Abstract — Several methods have been proposed for
encrypting images by shared key encryption mechanisms since
the work of Naor and Shamir. All the existing techniques are
applicable to primarily non-compressed images in either
monochrome or color domains. However, most imaging
applications including digital photography, archiving, and
internet communications nowadays use images in the JPEG
compressed format. Application of the existing shared key
cryptographic schemes for these images requires conversion
back into spatial domain. In this paper we propose a shared
key algorithm that works directly in the JPEG domain, thus
enabling shared key image encryption for a variety of
applications. The scheme directly works on the quantized DCT
coefficients and the resulting noise-like shares are also stored
in the JPEG format. The decryption process is lossless
preserving the original JPEG data. The experiments indicate
that each share image is approximately the same size as the
original JPEG image retaining the storage advantage
provided by JPEG compression standard. Three extensions,
one to improve the random appearance of the generated
shares, another to obtain shares with asymmetric file sizes,
and the third to generalize the scheme for n>2 share cases,
are described as well.
So this isn't about steganography, nor about compressing image files in general, but about a specific way to encrypt JPEG files that preserves certain characteristics of JPEGs even when encrypted. It also looks like the abstract of a paper about this topic that you could read to find out all the details. Do you have a specific question about this that isn't answered in the paper? This is rather arcance stuff, though, making it unlikely that anyone who hasn't read the paper would be able to answer questions.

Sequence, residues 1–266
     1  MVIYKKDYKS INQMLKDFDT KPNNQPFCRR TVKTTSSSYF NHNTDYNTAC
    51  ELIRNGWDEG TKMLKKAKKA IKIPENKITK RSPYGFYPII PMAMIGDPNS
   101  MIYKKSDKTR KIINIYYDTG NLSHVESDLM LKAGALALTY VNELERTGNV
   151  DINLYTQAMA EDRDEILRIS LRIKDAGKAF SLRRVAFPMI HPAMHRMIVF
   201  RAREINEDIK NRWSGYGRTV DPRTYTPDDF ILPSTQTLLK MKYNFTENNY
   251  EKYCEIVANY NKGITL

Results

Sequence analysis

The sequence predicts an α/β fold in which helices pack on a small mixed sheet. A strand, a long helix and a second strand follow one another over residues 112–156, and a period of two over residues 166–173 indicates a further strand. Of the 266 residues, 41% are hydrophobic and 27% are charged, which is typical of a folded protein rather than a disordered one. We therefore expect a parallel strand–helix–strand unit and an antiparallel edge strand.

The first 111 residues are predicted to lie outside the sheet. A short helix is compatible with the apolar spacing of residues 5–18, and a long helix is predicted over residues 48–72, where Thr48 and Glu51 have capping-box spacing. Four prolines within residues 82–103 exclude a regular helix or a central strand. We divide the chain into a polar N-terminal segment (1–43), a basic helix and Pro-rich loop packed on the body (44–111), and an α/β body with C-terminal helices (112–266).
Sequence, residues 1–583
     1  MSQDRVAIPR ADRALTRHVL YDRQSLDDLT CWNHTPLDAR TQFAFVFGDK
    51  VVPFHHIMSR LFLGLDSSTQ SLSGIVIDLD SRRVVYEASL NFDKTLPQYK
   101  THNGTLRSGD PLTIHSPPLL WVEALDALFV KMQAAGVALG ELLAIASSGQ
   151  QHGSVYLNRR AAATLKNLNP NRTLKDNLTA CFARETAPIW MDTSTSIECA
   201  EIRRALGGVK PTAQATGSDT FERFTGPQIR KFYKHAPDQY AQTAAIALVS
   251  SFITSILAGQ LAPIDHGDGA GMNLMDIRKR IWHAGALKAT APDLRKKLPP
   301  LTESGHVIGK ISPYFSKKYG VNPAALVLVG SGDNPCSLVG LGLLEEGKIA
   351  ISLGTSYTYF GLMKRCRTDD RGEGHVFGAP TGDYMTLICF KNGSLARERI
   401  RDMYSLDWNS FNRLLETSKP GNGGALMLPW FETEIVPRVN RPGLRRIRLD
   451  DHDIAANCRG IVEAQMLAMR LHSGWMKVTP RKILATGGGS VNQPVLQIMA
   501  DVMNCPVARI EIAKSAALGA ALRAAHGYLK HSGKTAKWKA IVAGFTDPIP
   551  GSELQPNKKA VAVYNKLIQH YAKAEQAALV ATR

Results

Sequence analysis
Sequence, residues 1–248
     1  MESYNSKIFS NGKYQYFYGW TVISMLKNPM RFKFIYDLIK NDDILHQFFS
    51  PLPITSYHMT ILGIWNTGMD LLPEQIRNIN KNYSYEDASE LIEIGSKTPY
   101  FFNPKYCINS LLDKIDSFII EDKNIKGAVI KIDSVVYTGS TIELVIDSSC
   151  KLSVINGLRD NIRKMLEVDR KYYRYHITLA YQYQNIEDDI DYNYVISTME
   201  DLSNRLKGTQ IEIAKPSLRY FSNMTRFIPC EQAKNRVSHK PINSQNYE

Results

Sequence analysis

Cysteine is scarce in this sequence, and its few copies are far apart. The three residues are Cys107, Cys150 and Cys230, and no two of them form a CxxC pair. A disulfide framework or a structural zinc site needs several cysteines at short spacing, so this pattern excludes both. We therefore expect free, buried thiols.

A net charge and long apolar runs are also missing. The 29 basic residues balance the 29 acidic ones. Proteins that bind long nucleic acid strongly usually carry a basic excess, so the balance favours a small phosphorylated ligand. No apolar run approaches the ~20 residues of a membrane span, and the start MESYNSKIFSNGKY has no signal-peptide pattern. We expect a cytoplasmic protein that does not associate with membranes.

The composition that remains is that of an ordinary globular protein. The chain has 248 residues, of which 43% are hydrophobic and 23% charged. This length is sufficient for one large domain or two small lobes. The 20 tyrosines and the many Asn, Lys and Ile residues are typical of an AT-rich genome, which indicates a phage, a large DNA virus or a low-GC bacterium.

sorry i am out for a while.
my doubt exactly is:
IN Proposed schemes...
A. Monochrome Images
The lossy version of JPEG image compression uses discrete
cosine transforms (DCT) . A monochrome image is first
split into 8×8 non-overlapping blocks of pixels. An 8×8 DCT
is applied to each block and the resulting coefficients are
scalar quantized using a quantization matrix. The quantized
coefficients are then converted from a two-dimensional
representation to a one-dimensional vector by a process known
as zig-zag scanning and sent to an entropy coder that uses
either Huffman or arithmetic coding.
how do i split an image into 8 by 8 pixels and convert them into 1-dimensional vector and i am in an idea of using the matlab
for computational purposes,can i use the end result in java?